The Senate Community and Urban Affairs Committee passed legislation sponsored by Senator Jennifer Beck to repeal the “Statewide Non-Residential Development Fee Act” of 2008, which adds another layer to the excessive cost of doing business and creating jobs in New Jersey.
“Unlike past moratoriums, a complete repeal of this Fee Act creates some stability and flexibility for employers to grow here and shows New Jersey will take serious action to attract job creators,” Beck said. “Today marks a key step toward what I hope will be the repeal of this fee. On a bipartisan basis, we must work to make this state competitive again.”
Committee Advances Oroho Legislation Simplifying Process of Adding a Veteran’s Status on Driver’s License
Legislation sponsored by Senator Steven Oroho simplifying the process for veterans to receive a veteran designation on their driver’s license was advanced by the Senate Transportation Committee.
Senator Oroho’s S-2508 would allow veterans to use their county-issued veteran ID card as proof of their status as a veteran when applying to the state Motor Vehicle Commission for a veteran designation on their license. Under the law, a county ID could only be used if the county that issued it required veterans to show their discharge papers in applying for the ID.
Cardinale Bill Renaming Portion of Route 17 as “Staff Sergeant Timothy R. McGill Memorial Highway” Advanced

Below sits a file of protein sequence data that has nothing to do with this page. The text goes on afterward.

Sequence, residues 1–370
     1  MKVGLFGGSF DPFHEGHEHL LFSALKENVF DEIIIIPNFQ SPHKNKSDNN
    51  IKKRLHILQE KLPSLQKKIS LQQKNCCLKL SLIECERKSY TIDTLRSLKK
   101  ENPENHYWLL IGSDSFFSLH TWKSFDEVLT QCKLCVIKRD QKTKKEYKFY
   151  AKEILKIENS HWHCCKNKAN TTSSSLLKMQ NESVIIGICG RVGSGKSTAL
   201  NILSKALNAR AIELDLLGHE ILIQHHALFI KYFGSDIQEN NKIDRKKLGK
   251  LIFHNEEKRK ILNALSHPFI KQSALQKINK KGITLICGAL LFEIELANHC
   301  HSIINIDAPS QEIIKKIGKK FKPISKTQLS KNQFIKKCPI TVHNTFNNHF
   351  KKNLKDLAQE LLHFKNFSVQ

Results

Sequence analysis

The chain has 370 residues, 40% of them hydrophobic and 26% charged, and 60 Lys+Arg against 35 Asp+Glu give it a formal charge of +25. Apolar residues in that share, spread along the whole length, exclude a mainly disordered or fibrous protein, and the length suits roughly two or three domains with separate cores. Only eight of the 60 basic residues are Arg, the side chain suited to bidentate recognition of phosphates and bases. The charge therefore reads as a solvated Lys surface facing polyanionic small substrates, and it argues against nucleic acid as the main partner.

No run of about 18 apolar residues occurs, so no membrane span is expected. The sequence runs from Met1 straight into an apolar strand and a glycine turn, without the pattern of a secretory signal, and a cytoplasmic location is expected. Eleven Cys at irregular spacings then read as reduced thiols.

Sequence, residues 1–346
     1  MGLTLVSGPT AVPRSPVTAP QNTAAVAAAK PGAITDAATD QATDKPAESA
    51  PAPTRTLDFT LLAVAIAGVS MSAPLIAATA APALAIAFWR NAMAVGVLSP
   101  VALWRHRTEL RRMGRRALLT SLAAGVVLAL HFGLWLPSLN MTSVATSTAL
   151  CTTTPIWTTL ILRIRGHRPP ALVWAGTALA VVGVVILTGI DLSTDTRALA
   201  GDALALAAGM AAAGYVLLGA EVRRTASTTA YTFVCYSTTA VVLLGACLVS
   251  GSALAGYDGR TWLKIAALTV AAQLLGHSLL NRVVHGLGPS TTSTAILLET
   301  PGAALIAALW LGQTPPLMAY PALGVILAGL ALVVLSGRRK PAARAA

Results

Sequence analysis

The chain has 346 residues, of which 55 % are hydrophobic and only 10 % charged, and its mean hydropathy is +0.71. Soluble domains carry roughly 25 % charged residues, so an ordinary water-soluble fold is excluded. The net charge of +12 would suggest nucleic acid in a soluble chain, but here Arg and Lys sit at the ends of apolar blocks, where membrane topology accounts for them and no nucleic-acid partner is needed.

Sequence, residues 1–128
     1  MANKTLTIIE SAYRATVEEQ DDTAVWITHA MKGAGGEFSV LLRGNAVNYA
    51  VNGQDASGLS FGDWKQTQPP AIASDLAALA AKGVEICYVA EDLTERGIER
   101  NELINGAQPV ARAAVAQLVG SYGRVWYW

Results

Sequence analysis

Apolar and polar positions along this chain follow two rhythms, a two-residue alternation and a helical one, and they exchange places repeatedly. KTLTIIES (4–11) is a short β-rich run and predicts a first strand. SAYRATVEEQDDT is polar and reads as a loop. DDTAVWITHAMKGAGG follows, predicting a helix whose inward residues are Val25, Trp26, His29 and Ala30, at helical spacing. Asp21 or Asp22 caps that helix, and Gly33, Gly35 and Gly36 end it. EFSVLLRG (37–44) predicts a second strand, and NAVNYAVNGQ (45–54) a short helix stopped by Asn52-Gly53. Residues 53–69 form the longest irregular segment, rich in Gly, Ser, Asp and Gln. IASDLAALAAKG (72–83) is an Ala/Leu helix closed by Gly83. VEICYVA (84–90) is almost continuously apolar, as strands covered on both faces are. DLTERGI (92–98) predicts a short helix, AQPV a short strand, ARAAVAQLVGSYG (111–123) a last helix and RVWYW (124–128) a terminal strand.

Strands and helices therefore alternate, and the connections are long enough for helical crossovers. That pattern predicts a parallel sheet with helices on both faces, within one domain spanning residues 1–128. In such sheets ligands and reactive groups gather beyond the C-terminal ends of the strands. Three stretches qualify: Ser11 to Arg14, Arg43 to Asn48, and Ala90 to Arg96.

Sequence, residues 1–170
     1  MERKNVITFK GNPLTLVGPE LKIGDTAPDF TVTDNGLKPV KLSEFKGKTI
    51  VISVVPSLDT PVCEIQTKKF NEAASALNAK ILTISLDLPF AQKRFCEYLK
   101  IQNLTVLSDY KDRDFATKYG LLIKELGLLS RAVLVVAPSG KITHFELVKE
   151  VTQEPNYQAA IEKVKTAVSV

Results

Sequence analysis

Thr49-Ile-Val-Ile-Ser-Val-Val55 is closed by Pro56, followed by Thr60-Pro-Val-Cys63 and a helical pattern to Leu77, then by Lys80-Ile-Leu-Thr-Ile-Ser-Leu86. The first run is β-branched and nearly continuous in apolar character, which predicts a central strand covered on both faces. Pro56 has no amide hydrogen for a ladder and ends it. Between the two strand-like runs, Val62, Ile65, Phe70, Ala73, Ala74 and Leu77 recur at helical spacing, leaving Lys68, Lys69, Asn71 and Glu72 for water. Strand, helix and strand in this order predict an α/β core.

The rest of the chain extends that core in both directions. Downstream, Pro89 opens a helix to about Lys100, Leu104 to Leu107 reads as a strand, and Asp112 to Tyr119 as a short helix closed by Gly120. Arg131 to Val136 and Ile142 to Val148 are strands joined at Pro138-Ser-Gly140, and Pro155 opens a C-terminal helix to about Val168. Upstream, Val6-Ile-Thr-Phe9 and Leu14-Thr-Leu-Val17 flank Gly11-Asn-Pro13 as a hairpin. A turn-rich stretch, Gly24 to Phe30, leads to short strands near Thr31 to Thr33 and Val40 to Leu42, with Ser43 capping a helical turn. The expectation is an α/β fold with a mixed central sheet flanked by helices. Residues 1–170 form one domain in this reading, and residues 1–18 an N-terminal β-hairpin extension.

Legislation sponsored by Senator Gerald Cardinale designating a portion of State Highway Route 17 in the Borough of Ramsey as “Staff Sergeant Timothy R. McGill Memorial Highway” was advanced by the Senate Transportation Committee.
“Timothy McGill lived a life of courage, honor and service,” said Cardinale (R-Bergen, Passaic). “”Timothy’s love for his country and his local community is an example of service and heroism that will not be forgotten. Designating a portion of Route 17 in his name will serve as a permanent reminder of his commitment to protecting others and is a fitting tribute to a true local hero.”
Senator Joe Pennacchio called for the now dormant New Jersey Select Committee on Investigation to turn its attention to reforming the troubled Delaware River Port Authority.
“It’s abundantly clear that Democrats have used the legislature’s joint Select Committee on Investigation as a political tool to advance their own agendas, not to enact reforms for the people of New Jersey,” said Pennacchio, (R-Morris). “With the committee effectively put into recess today, Democrats have a last chance to put its broad powers to use for the good of taxpayers and commuters by turning its focus to bringing needed changes to the DRPA.”
Senators Christopher “Kip” Bateman (R-Somerset, Hunterdon, Middlesex, Mercer) and Steven Oroho (R-Sussex, Warren, Morris) announced today they have reintroduced legislation reforming the state’s affordable housing laws as result of the Council on Affordable Housing’s failure to adopt new rules.
The legislation is identical to a bipartisan COAH reform bill that the Senate passed with strong support in 2011 but was then severely amended by the Assembly and conditionally vetoed back to its original intent by Governor Christie. The legislation, S-2629, would eliminate the Council on Affordable Housing and create a common-sense affordable housing program giving municipalities far more control over how much housing they will build in the locations best suited for development.